[Python-Dev] Python-Dev Digest, Vol 39, Issue 54

Chetan Pandya pandyacus at gmail.com
Thu Oct 19 02:36:43 CEST 2006

I got up in the middle of the night and wrote the email - and it shows.
Apologies for creating confusion. My comments below.


On 10/18/06, python-dev-request at python.org

> Date: Wed, 18 Oct 2006 13:04:14 -0700
> From: Larry Hastings <larry at hastings.org>
> Subject: Re: [Python-Dev] PATCH submitted: Speed up + for string Re:
>         PATCHsubmitted: Speed up + for string concatenation, now as fast
> as
>         "".join(x) idiom
> To: python-dev at python.org
> Message-ID: <453688BE.2060509 at hastings.org>
> Content-Type: text/plain; charset=ISO-8859-1; format=flowed
> Chetan Pandya wrote:
> > The deallocation code needs to be robust for a complex tree - it is
> > currently not recursive, but needs to be, like the concatenation code.
> It is already both those things.
> Deallocation is definitely recursive.  See Objects/stringobject.c,
> function (*ahem*) recursive_dealloc.  That Py_DECREF() line is where it
> recurses into child string concatenation objects.
> You might have been confused because it is *optimized* for the general
> case, where the tree only recurses down the left-hand side.  For the
> left-hand side it iterates, instead of recursing, which is both slightly
> faster and much more robust (unlikely to blow the stack).

Actually I looked at the setting of ob_sstrings to  NULL in
recursive_dealloc and thought  none of the strings will get destroyed as the
list is destroyed. However it is only setting the first element to NULL,
which is fine.

> Rendering occurs if the string being concatenated is already a
> > concatenation object created by an earlier assignment.
> Nope.  Rendering only occurs when somebody asks for the string's value,
> not when merely concatenating.  If you add nine strings together, the
> ninth one fails the "left side has room" test and creates a second object.

I don't know what I was thinking. In the whole of string_concat() there is
no call to render the string, except for the right recursion case.

Try stepping through it.  Run Python interactively under the debugger.
> Let it get to the prompt.  Execute some expression like "print 3", just
> so the interpreter creates its concatenated encoding object (I get
> "encodings.cp437").  Now, in the debugger, put a breakpoint in the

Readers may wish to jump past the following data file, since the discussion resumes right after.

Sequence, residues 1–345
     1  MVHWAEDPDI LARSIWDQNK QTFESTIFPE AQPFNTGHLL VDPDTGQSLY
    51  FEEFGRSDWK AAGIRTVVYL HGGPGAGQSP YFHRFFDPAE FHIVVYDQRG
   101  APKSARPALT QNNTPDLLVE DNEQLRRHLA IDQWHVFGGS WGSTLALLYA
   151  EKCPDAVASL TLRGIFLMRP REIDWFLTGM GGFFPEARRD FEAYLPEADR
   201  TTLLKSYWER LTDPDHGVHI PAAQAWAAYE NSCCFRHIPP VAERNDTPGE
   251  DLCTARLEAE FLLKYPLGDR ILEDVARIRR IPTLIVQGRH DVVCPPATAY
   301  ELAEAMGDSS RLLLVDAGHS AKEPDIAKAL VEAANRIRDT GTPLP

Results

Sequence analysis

> rendering code in recursiveConcatenate(), and another on the "op =
> (PyStringConcatenationObject *)PyObject_MALLOC()" line in
> string_concat.  Finally, go back to the Python console and concatenate
> nine strings with this code:
>   x = ""
>   for i in xrange(9):
>     x += "a"
> You won't hit any breakpoints for rendering, and you'll hit the string
> concatenation object malloc line twice.  (Note that for demonstration
> purposes, this code is more illustrative than running x = "a" + "b" ...
> + "i" because the peephole optimizer makes a constant folding pass.
> It's mostly harmless, but for my code it does mean I create
> concatenation objects more often.)

I don't have a patch build, since I didn't download the revision used by the
However, I did look at values in the debugger and it looked like x in your
example above had a reference count of 2 or more within string_concat even
when there were no other assignments that would account for it. My idea was
to investibate this, but this was the whole reason for saying that the
concatenation will create new objects. However, I ran on another machine
under debugger and I get the reference count as 1,  which is what I would
expect.  I need to find out what has happened to my work machine.

In the interests of full disclosure, there is *one* scenario where pure
> string concatenation will cause it to render.  Rendering or deallocating
> a recursive object that's too deep would blow the program stack, so I
> limit recursion depth on the right seven slots of the recursion object.
> That's what the "right recursion depth" field is used for.  If you
> attempt to concatenate a string concatenation object that's already at
> the depth limit, it renders the deep object first.  The depth limit is
> 2**14 right now.

You can force this to happen by prepending like crazy:
>   x = ""
>   for i in xrange(2**15):
>     x = "a" + x
> Since my code is careful to be only iterative when rendering and
> deallocating down the left-hand side of the tree, there is no depth
> limit for the left-hand side.

The recursion limit seems to be optimistic, given the default stack limit,
but of course, I haven't tried it. There is probably a depth limit on the
left hand side as well, since recursiveConcatenate is recursive even on the
left side.

Step before you leap,
> /larry/
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